Part Used : The bark of the root and rhizome
Constituents : 20% Tannin, gallic acid, saponins including villosin.
Actions : Astringent
Indications : An excellent, safe and gentle astringent remedy that can be
used in all situations that call for this action. It may be used indiarrhoea, dysentary and other problems associated with ‘loose bowels’. It was traditionally used in Britain externally as wash in a whole range of skin eruptions and burns. It will staunch bleeding and may be used in leucorrhoea.
Ellingwood considered it specific for “diarrhoeas of infancy.”
King’s Dispensatory describes it thus: These plants
are useful as astringents. An infusion or decoction of the leaves of raspberry or the bark of the roots of the other two (species of Rubus), has been found an excellent remedy in diarrhoea, dysentery (chronic), cholerainfantum, relaxed conditions of the intestines of children, passivehaemorrhage from the stomach, bowels or uterus and in coliquative diarrhea. The decoction, used as an injection, is useful in gonorrhea, gleet, leucorrhoea
and prolapsus uteri and ani. In prolapsus uteri, it may be used wither alone or combined with the internal use of a decoction of equal parts of Black Cohosh and Blackberry roots, taken freely. Rubus villosus is especially adapted to children’s diarrhea’s, the stools being copious, watery and clay-colored. Such children are pale, fretful, without appetite, there is deficient glandular activity and the gastro-intestinal tract shows evidence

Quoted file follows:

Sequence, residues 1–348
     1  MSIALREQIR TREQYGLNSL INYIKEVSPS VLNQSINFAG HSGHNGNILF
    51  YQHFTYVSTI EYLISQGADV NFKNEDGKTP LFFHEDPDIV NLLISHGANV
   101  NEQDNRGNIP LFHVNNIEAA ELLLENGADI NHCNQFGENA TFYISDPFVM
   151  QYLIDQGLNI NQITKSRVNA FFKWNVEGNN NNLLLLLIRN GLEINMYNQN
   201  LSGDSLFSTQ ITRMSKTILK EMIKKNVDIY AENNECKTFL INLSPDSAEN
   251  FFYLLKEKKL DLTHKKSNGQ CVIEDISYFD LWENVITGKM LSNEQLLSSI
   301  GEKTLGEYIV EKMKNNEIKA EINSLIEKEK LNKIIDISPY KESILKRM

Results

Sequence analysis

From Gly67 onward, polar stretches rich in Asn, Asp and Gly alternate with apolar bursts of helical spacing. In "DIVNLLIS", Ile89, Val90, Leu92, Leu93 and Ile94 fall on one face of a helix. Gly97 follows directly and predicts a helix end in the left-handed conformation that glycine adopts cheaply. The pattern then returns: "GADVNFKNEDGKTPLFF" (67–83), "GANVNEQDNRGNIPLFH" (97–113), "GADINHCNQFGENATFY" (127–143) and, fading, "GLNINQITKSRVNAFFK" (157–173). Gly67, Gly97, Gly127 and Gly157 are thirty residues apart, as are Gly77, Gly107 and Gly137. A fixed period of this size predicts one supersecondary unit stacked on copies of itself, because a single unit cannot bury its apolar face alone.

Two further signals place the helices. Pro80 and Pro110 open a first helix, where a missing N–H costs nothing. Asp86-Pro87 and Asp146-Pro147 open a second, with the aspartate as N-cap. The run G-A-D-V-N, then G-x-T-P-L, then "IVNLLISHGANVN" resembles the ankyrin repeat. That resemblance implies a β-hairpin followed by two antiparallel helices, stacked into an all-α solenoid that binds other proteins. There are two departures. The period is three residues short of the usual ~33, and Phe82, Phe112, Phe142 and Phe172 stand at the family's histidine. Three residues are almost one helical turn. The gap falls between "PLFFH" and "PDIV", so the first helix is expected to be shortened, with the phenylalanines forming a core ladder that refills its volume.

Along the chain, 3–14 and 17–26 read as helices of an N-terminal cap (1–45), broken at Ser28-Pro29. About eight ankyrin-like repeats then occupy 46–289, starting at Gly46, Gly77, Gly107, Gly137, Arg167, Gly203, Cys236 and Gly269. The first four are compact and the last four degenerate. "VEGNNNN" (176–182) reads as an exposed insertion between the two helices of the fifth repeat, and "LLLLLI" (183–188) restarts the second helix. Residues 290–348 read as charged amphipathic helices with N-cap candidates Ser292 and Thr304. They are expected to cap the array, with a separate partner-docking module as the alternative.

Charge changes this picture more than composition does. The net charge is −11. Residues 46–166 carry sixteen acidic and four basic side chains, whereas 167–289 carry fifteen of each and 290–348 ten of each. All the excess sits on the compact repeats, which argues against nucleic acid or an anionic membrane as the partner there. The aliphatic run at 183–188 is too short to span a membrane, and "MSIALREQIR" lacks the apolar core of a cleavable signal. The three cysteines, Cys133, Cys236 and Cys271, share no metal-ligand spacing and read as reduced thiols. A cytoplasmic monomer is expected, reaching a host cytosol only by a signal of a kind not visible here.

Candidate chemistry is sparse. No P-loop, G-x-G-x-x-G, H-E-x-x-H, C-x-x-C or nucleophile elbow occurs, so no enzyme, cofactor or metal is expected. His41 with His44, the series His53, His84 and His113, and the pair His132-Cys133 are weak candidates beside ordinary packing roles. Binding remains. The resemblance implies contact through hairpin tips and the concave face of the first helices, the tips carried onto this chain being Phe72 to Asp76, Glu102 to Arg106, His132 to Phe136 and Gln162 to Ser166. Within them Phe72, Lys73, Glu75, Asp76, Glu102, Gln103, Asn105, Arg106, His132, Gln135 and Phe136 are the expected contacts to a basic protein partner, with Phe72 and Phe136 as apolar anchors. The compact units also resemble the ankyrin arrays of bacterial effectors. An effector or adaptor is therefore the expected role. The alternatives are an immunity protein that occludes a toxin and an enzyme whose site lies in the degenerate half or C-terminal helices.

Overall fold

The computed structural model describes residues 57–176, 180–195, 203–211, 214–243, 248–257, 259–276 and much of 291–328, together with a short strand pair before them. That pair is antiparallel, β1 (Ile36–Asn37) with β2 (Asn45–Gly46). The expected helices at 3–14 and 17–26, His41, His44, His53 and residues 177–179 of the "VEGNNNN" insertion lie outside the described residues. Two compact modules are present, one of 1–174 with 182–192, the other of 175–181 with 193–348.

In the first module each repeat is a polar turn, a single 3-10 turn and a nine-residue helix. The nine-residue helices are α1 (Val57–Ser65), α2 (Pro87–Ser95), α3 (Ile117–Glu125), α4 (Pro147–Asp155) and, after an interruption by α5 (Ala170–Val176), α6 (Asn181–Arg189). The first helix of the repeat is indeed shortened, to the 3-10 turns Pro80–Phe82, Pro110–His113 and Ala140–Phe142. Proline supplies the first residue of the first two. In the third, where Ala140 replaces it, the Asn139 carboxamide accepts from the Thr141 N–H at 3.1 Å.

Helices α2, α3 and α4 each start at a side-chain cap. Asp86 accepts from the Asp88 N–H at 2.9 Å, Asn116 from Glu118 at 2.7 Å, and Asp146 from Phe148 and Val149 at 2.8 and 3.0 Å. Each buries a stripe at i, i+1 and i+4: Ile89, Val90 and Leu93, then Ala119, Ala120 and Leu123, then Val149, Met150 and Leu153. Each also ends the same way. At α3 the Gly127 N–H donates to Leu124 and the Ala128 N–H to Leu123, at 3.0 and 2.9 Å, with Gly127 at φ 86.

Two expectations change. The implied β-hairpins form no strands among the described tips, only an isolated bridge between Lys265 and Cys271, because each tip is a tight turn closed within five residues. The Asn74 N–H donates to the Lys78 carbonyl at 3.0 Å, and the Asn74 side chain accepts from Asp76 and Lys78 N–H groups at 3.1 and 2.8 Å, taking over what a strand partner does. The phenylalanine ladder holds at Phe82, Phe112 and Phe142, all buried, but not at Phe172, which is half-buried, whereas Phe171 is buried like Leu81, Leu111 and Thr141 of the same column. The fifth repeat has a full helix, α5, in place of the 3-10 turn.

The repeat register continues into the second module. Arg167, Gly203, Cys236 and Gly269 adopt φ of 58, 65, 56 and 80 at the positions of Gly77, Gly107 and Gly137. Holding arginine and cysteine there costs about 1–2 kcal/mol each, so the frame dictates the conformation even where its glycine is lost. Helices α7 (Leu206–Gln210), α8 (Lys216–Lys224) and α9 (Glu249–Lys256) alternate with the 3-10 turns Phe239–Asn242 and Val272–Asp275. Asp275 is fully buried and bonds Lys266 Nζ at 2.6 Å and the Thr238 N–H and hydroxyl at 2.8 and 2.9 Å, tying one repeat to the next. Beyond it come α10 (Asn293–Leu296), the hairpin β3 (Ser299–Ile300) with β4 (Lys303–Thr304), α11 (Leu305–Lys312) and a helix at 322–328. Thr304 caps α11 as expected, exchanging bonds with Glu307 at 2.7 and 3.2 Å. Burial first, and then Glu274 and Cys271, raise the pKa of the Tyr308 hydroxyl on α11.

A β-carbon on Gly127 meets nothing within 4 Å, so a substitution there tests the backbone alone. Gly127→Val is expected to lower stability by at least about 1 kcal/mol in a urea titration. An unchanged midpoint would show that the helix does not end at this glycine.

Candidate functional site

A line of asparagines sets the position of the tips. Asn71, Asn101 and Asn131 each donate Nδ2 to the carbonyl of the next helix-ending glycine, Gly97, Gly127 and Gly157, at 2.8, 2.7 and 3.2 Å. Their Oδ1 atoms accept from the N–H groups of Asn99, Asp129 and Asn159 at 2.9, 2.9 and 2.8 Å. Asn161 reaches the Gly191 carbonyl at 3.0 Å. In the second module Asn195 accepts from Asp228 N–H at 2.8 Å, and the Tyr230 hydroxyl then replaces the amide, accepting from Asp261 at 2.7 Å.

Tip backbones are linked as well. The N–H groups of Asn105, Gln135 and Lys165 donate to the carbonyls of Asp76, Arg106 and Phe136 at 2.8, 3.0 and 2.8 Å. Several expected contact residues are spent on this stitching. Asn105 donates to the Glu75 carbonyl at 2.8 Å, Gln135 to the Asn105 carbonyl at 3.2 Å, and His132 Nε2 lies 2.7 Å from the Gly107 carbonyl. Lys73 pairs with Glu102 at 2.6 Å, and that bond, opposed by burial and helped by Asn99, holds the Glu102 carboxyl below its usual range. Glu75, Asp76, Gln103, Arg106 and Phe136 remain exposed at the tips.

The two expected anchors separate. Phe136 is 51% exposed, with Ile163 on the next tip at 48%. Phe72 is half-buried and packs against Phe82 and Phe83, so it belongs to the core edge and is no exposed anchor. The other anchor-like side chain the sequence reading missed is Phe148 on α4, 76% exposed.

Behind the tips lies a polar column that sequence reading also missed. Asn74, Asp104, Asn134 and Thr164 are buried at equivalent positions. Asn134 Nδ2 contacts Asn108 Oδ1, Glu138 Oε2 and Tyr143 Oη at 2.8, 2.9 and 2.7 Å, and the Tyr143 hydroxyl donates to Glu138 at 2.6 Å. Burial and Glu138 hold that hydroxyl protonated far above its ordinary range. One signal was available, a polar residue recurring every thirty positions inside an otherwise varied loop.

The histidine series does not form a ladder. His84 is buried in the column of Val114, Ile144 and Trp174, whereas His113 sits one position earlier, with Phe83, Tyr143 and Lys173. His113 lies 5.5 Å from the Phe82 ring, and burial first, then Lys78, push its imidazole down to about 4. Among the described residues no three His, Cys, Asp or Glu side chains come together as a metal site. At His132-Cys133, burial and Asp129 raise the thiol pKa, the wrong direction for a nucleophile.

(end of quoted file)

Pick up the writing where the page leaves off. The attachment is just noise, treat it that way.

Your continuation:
of enfeeblement and relaxation. The leaves of Raspberry in decoction with cream, will allay nausea and vomiting and combined with aromatics, have been found useful in diarrhea, cholera morbus, and cholera infantum. It is said that raspberry will during labor, increase the activity of the uterine contractions when these are feeble, even in instances where ergot has failed and that it has been found serviceable in after-pains. The fruit, especially
that of the blackberry, makes an excellent syrup, which is of much service in dysentery, being pleasant to the taste, mitigating the accompanying tenesmus and sufferings of the patient, and ultimately effecting a cure. The fruit of the raspberry contains very little nourishment, but is an agreeable acidulous article, rarely disturbing the stomach and when eaten freely, promotes the action of the bowels. Raspberry syrup, added to water, forms a
refreshing and beneficial beverage for fever patients and during convalescence. The jelly or jam may likewise be used in similar cases; that of the blackberry being more astringent, is better adapted to cases of diarrhea, dysentery and cholerainfantum. Dose of the decoction of these plants, from 1 to 4 fluid ounces, several times a day; of the pulverized root-bark, 20 to 30 grains. Specific Indications and Uses : Gastro-intestinal atony with copious,
water and palealvine discharges.
Dosage : 1-2 g of the bark in a decoction three times a day. 2-5ml of tincture 3 times a day